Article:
We realize, of course, that we’ve maybe gotten just a little bit carried away with infographics and embedded documents here at TeleRead over the past couple of days.

But when we stumbled across the following One Laptop Per Child 7 Years Later infographic this morning, we simply couldn’t help ourselves: we had to share it with you.

Thanks to OnlineColleges.net for making the infographic available. And while you’re at it, check out the One Laptop Per Child website; it’ll make you feel better about humanity for the rest of the day. (Or at least until you walk out your front door!)


One Laptop Per Child 7 Years Later
Compiled By: OnlineColleges.net


  1. I remember when this was going to be the great thing to bring electronic reading to the masses. The funny thing is, it could have been the iPad (just as we all hoped Palm’s great invention would be the iPad instead of some underpowered netbook). I think we got caught up in fantasies of electronic paper, hand-cranks and other things and lost sight of the simplicity that the iPad has brought. Of course, for reading, the iPad is a bit big and heavy, but so was the one laptop per child.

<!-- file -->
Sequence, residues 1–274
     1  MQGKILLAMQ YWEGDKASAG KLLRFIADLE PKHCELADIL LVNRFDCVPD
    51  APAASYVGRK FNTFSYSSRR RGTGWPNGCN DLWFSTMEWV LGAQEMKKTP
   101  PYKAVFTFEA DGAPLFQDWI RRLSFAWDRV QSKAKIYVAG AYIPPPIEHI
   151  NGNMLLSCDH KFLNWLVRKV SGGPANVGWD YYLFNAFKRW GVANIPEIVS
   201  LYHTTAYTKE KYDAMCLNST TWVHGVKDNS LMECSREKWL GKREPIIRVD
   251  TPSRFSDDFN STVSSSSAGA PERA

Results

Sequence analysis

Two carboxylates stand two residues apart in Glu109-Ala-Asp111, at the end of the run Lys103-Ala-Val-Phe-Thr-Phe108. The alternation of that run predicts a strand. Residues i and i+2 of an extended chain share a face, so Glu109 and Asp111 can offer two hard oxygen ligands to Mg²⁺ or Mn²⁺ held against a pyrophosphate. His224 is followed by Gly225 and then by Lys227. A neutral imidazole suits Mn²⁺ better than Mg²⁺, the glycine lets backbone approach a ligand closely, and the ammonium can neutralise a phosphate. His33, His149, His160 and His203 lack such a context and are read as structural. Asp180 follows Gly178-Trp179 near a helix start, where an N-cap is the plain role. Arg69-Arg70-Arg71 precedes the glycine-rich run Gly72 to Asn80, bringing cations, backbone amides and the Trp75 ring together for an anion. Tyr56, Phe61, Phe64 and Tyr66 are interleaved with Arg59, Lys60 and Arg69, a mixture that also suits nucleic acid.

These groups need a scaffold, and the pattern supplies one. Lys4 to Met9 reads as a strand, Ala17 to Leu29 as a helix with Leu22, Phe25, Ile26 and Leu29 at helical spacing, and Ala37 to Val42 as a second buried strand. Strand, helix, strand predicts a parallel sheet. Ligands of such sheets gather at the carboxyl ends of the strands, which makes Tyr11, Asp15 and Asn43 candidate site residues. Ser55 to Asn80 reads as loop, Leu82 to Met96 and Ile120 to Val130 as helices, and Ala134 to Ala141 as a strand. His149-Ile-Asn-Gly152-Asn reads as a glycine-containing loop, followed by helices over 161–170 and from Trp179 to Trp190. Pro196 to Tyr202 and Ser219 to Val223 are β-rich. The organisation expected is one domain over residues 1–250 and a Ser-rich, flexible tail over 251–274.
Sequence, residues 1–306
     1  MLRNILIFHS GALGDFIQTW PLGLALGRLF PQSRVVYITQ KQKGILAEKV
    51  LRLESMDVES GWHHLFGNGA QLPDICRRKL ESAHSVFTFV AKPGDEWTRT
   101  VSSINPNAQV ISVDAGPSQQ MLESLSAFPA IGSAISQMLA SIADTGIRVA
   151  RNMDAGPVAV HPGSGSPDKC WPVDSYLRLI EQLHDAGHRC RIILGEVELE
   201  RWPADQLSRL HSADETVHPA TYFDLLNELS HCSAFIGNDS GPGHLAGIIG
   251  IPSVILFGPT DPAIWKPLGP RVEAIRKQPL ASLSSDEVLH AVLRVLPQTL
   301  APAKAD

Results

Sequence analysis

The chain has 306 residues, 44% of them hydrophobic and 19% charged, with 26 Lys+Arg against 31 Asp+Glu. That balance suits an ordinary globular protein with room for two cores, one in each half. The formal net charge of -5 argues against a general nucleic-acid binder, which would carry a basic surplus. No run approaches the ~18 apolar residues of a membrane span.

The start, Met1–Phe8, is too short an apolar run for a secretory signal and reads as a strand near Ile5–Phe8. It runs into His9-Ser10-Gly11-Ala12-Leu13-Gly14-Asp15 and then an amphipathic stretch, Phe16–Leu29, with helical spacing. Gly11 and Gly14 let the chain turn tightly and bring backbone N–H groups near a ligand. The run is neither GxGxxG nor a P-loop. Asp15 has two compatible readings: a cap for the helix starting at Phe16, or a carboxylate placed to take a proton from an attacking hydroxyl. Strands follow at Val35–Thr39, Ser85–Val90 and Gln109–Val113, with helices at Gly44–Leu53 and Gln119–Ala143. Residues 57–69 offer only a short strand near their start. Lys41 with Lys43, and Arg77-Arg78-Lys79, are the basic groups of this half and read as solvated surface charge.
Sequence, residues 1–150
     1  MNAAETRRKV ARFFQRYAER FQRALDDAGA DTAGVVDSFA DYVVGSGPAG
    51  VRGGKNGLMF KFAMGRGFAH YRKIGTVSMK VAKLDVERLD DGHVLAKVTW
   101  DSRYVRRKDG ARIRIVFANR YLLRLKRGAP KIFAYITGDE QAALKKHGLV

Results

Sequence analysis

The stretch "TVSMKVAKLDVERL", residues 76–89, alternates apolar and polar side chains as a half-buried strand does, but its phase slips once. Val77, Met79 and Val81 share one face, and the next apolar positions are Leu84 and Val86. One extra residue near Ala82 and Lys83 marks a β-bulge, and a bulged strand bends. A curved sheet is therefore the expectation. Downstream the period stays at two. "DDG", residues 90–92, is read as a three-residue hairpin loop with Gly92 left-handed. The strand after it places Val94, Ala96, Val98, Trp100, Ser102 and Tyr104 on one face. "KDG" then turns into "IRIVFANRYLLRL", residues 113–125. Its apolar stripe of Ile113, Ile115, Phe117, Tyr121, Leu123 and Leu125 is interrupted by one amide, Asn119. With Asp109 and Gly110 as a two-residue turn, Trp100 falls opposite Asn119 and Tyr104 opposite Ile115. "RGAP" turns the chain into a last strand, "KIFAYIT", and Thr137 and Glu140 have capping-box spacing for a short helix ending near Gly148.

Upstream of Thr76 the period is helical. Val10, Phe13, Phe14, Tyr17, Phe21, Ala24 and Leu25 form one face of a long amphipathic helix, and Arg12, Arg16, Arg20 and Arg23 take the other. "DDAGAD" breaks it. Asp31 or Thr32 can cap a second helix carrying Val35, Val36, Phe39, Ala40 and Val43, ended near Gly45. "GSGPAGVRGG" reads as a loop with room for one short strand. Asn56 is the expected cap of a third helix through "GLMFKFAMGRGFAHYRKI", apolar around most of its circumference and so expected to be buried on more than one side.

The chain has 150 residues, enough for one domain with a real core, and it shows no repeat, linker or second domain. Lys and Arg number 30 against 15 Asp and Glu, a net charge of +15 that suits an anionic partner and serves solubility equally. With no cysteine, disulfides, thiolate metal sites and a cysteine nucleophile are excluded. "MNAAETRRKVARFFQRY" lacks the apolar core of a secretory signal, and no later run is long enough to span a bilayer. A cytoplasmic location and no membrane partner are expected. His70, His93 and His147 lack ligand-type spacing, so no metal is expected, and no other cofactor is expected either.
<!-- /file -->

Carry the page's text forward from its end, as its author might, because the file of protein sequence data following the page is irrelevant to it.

Rob Preece

  2. Hey Rob, I don’t actually remember that. The main thing I remember about the XO–from years ago–was that it would be sent primarily to children in developing countries. If you take a look at the OLPC site, you’ll see that this machine definitely has changed many thousands of young lives for the better.

    I’m actually really interested in seeing any old articles or blog posts that spoke about the XO’s potential to bring electronic reading to the masses, though. If you happen to stumble across any online, would you mind either adding a comment here, or shooting them to me in an email at deldridge at napco dot com? Thanks so much! (And as always, thanks for commenting.)

  3. I’ve been involved with the OLPC project in Vietnam (which I see doesn’t get mentioned in the infographic for some reason), both in localizing the software and supporting a couple of the in-country clusters.

    Lack of teacher training is certainly a problem: some teachers appeared afraid of computers in student’s hands. Some students simply saw the computers as social toys. However, many others made great use of them, and the OLPC local clusters also empowered some very poor communities.

    Local coders became involved in developing the software, and the Sugar (OLPC software) project is firmly ensconced in the growing free-software community in Vietnam and greater Asia.

    If you want to achieve major change (which one-laptop-per-poor-child definitely was) then you have to plan carefully, learn from each stage and take the long view. OLPC have done OK. 🙂

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